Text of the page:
Addiction to smoking and other substances involves a particular set of brain areas related to self-control, according to numerous research. For a new study, researchers wondered if a training approach designed to influence this addiction pathway could influence smokers to reduce their tobacco use — even if smokers did not intend to do so.
It worked. The study, published online in the Early Edition of the Proceedings of the National Academy of Sciences, found that smokers trained with a form of mindfulness meditation known as Integrative Body-Mind Training (IBMT) curtailed their smoking by 60 percent. Subjects in a control group that received a relaxation regimen showed no reduction.
Studies of smoking usually recruit those desiring to quit or reduce their smoking. Researchers approached this study differently. They sought volunteers interested in reducing stress and improving their performance. In actuality, the experiment was designed to explore how IBMT — previously shown to improve the self-control pathway related to addiction — would impact smoking behavior. Among the volunteers were 27 smokers, mean age 21, who smoked on average 10 cigarettes a day; 15 of them (11 men) were placed in the experimental group receiving IBMT training for a total of five hours over two weeks.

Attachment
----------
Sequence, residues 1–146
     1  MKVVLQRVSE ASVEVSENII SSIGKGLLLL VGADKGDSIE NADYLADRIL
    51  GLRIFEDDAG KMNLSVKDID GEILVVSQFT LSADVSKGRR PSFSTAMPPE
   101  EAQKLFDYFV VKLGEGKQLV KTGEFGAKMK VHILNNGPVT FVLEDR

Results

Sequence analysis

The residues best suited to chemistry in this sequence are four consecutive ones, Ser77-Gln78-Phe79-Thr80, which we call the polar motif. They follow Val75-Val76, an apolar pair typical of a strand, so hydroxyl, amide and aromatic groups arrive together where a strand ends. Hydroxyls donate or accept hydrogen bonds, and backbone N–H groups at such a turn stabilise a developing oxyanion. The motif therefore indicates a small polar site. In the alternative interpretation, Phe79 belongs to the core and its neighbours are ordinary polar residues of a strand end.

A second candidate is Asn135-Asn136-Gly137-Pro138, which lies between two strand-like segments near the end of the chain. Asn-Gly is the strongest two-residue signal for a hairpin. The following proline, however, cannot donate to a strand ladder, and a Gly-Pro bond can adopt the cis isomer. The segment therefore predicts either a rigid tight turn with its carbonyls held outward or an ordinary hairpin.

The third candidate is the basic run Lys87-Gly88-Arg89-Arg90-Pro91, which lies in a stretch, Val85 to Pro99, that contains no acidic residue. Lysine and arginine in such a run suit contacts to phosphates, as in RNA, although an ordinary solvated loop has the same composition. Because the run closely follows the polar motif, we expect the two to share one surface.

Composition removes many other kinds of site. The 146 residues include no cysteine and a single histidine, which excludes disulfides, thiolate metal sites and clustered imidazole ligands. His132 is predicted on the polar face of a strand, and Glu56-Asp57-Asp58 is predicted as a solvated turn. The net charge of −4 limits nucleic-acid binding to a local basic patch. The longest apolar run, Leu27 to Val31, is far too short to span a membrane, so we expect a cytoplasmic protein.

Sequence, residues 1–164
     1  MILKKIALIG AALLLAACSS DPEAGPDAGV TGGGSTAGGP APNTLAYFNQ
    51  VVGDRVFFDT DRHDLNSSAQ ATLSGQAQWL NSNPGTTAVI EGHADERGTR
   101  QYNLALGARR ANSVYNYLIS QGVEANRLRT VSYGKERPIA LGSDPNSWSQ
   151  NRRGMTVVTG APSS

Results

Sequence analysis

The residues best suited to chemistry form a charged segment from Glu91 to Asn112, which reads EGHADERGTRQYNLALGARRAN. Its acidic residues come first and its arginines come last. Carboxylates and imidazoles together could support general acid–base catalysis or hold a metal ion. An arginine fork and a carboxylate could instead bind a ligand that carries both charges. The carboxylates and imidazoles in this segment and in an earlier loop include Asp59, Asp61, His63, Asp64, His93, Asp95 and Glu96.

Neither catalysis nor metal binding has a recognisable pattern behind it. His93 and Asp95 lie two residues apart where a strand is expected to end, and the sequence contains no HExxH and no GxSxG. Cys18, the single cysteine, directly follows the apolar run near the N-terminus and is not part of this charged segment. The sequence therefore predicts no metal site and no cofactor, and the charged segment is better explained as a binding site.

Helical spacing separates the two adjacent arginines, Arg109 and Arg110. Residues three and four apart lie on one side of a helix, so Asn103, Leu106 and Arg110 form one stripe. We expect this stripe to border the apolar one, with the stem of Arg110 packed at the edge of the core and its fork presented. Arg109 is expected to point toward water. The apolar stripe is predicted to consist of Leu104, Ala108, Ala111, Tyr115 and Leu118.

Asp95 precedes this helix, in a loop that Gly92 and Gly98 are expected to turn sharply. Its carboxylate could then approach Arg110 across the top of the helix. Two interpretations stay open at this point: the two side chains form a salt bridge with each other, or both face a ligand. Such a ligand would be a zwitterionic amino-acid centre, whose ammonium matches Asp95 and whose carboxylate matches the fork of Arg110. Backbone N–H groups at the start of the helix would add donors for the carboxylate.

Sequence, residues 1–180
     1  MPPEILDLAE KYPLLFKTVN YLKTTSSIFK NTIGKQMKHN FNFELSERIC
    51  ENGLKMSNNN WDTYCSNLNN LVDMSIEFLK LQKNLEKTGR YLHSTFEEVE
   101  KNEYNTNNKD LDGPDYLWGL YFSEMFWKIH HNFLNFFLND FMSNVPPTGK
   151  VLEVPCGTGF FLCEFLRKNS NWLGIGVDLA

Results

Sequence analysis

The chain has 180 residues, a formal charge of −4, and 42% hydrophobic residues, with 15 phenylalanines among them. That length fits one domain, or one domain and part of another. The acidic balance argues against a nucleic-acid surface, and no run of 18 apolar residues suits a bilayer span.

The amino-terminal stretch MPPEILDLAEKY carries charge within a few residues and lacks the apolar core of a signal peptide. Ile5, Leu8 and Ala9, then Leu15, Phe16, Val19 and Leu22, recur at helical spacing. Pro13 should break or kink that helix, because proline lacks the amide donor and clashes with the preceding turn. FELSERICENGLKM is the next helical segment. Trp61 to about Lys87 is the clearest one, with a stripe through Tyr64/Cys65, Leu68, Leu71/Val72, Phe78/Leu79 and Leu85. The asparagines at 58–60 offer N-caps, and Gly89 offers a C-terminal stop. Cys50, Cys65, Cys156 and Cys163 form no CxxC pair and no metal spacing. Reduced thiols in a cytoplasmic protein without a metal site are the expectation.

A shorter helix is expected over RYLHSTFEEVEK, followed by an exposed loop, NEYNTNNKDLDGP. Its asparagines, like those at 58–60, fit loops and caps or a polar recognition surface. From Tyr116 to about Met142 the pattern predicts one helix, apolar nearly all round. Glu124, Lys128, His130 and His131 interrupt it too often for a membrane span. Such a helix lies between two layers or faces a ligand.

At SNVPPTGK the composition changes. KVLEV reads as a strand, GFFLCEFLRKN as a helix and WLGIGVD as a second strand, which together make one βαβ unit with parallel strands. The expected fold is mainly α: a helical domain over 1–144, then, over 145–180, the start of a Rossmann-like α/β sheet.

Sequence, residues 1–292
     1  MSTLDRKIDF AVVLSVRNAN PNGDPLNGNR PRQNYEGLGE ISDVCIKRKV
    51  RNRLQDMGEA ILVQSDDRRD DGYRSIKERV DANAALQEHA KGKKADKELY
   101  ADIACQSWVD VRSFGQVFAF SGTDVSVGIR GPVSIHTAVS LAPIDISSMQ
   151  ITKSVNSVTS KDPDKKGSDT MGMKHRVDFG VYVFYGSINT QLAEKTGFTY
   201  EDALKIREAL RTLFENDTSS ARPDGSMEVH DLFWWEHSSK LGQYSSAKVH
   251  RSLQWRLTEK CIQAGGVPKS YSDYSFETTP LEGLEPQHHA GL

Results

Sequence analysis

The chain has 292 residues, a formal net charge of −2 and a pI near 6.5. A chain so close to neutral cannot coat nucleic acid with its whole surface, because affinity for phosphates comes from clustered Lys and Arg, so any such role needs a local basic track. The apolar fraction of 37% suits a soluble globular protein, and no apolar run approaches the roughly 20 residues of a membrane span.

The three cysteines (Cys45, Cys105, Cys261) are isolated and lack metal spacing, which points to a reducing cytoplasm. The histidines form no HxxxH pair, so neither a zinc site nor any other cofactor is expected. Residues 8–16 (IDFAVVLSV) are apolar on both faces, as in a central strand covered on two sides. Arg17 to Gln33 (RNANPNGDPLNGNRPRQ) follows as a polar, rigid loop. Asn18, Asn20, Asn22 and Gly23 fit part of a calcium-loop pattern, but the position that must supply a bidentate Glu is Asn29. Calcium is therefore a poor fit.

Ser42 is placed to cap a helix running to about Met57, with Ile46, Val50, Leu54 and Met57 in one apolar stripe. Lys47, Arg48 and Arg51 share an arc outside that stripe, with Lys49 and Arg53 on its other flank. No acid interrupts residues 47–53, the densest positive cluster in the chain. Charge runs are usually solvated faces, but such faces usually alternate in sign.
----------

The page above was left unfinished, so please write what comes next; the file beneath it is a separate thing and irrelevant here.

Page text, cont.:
IBMT, which involves whole body relaxation, mental imagery and mindfulness training led by a qualified coach, has long been practiced in China. It has been under study for its potential impacts on a variety of stresses and related changes in the brain including function and structure. Co-authors of the paper, Yi-Yuan Tang of Texas Tech University in Lubbock and Michael I. Posner, professor emeritus of psychology at the University of Oregon, have collaborated on a series of studies on IBMT. Tang, formerly a research professor at the UO, is now with the psychology department and director of the Neuroimaging Institute at Texas Tech.
“We found that participants who received IBMT training also experienced a significant decrease in their craving for cigarettes,” Tang said. “Because mindfulness meditation promotes personal control and has been shown to positively affect attention and an openness to internal and external experiences, we believe that meditation may be helpful for coping with symptoms of addiction.”
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